I couldn’t help but smile while reliving October 30, 1976. It was a tragic day for this 11-year-old, because just a half-hour prior to entering Bryant-Denny, my dad informed me he was divorcing my mom. It was a devastating moment. However, my dad intentionally planned my first visit to Bryant-Denny with the hopes of softening the blow of the impending divorce. His plan was successful because the day ended with a big smile on my face.
My dad and I took our seats at Bryant-Denny while the song “Sweet Home Alabama” was playing over the sound system on that fall day. As the memory gave way to scenes at BBVA Field, I saw Atlanta fans wearing crazy costumes, and singing their own not-so-flattering version of “Sweet Home Alabama, “Some overzealous Atlanta radio host, wearing a T-shirt and cowboy hat, ran up and down the sidelines to encourage the fans to sing it louder.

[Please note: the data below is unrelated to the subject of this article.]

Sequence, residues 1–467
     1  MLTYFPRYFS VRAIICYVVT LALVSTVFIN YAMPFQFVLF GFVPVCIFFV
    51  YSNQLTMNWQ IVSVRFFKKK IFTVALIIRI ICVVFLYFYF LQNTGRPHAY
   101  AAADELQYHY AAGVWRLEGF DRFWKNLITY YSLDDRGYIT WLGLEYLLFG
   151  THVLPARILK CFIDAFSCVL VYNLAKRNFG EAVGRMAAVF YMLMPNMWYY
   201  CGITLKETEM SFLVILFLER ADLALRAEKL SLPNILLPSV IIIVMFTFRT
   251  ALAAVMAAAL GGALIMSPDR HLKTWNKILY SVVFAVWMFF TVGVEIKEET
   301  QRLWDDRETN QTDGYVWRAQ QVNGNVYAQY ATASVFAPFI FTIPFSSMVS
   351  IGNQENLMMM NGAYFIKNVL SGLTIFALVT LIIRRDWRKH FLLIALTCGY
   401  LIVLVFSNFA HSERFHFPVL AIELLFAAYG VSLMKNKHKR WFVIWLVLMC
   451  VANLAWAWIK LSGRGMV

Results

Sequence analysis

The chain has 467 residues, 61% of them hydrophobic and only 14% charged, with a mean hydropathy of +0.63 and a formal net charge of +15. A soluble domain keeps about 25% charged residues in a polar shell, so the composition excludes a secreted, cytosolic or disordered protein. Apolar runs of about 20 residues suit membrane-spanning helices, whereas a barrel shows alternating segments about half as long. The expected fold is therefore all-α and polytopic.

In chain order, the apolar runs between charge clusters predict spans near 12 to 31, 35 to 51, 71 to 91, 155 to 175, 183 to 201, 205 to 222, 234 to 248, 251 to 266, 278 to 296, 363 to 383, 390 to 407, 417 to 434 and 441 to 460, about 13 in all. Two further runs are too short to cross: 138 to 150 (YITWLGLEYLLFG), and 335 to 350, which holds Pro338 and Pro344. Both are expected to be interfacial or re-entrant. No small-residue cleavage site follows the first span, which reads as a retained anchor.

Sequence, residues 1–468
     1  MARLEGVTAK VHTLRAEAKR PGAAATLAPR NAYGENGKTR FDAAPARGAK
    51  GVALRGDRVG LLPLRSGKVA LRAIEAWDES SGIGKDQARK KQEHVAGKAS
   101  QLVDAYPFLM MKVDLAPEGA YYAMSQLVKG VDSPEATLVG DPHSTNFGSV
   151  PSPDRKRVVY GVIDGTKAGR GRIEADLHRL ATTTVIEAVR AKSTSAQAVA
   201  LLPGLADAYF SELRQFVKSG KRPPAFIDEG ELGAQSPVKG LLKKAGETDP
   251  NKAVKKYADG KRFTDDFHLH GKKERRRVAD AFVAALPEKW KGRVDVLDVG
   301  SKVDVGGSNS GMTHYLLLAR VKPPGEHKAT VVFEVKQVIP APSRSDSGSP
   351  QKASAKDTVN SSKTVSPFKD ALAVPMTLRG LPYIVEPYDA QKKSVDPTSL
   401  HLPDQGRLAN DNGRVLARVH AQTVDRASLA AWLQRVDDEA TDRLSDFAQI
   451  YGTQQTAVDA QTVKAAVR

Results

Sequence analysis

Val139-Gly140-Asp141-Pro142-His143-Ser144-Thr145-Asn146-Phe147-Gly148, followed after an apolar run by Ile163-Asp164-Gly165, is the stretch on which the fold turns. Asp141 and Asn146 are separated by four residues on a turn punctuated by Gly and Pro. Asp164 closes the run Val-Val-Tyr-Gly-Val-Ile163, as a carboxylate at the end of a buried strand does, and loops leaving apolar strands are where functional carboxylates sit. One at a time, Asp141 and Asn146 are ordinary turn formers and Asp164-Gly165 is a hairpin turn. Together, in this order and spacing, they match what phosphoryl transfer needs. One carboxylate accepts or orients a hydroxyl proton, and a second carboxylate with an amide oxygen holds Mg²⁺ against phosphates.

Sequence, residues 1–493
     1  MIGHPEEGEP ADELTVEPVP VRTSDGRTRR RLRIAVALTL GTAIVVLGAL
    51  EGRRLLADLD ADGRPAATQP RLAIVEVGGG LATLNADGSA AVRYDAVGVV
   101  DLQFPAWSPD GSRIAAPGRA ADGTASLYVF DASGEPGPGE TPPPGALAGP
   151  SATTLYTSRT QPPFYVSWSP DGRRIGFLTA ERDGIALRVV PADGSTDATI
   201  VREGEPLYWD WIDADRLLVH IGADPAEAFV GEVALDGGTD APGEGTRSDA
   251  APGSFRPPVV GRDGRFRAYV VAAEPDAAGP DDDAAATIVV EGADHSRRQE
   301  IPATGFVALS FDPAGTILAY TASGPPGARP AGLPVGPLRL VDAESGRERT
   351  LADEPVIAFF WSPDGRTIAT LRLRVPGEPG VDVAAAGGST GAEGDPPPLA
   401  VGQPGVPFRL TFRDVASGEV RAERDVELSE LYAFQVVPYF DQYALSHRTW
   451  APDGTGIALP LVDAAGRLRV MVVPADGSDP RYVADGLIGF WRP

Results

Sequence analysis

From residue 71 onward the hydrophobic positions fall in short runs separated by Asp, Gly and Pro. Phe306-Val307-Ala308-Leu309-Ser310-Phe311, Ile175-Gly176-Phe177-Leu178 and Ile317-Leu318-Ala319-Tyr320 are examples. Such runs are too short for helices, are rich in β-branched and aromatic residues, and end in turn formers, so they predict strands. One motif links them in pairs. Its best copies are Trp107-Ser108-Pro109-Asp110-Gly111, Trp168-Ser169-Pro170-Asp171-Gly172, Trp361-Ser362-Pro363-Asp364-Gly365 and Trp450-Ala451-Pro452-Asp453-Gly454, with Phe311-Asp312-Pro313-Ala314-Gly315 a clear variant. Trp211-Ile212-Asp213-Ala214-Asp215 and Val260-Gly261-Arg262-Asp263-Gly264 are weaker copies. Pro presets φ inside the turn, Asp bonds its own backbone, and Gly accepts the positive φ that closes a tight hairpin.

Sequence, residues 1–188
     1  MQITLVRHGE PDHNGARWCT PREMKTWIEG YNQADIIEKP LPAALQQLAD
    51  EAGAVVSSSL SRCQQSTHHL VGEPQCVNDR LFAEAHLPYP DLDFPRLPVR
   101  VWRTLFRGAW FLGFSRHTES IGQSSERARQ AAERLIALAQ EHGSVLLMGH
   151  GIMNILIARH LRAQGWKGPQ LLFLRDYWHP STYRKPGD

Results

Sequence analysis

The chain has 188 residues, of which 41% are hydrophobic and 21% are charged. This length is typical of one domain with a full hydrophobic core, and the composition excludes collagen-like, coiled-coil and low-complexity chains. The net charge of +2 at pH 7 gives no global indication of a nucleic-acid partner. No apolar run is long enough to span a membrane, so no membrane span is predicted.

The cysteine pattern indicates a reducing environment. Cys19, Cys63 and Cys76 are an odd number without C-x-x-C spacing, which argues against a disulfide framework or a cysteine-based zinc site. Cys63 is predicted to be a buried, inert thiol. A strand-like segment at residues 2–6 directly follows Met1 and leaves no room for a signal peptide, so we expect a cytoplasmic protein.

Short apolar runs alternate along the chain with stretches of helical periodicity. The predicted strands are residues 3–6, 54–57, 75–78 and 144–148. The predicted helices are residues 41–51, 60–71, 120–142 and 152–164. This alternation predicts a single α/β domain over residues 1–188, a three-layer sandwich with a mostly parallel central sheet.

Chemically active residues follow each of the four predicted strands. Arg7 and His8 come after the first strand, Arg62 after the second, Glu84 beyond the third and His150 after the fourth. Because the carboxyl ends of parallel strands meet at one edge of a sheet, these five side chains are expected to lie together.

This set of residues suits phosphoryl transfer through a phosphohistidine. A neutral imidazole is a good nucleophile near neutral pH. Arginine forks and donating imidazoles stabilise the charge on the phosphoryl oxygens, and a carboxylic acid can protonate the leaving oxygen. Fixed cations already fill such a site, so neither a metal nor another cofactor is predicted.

I could feel the intense passion of those fans as you walked by them. They were all decked out in Atlanta United colors. Some wore cowboy hats. Some wore crowns. Some had painted faces, and some looked at me with a look which reminded me of the movie “Braveheart.” I saw at least a dozen William Wallaces in the crowd, each aching to take the bullhorn for a freedom speech. It was hard to imagine that this was an exhibition match.
I looked at my watch and saw we were still close to 90 minutes from kickoff, and I smiled at the pageantry of the game, just like in 1976.
￼PHOTO SOURCE: Birmingham Vibe/Atlanta fans filled their supporter’s section